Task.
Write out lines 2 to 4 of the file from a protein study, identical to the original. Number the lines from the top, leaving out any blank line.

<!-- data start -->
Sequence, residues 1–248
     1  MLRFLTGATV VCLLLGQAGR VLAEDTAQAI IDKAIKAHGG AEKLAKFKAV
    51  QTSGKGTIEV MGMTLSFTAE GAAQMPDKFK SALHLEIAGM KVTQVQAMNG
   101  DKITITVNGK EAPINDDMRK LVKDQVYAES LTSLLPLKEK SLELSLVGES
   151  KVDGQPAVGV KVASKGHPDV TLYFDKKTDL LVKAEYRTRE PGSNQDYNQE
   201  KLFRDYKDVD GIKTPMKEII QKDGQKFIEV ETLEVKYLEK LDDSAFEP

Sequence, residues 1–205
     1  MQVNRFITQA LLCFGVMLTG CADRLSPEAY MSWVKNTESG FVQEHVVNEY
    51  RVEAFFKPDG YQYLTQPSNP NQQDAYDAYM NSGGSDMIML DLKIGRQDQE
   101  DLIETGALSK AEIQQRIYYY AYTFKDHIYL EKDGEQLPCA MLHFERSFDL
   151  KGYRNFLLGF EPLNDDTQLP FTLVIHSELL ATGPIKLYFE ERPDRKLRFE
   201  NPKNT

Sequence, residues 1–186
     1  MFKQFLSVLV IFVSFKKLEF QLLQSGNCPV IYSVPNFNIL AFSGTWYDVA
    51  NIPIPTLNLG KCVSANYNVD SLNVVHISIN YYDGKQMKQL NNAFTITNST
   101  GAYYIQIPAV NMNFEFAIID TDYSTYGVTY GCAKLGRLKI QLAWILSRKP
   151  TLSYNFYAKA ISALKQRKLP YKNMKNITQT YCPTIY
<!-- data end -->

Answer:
     1  MLRFLTGATV VCLLLGQAGR VLAEDTAQAI IDKAIKAHGG AEKLAKFKAV
    51  QTSGKGTIEV MGMTLSFTAE GAAQMPDKFK SALHLEIAGM KVTQVQAMNG
   101  DKITITVNGK EAPINDDMRK LVKDQVYAES LTSLLPLKEK SLELSLVGES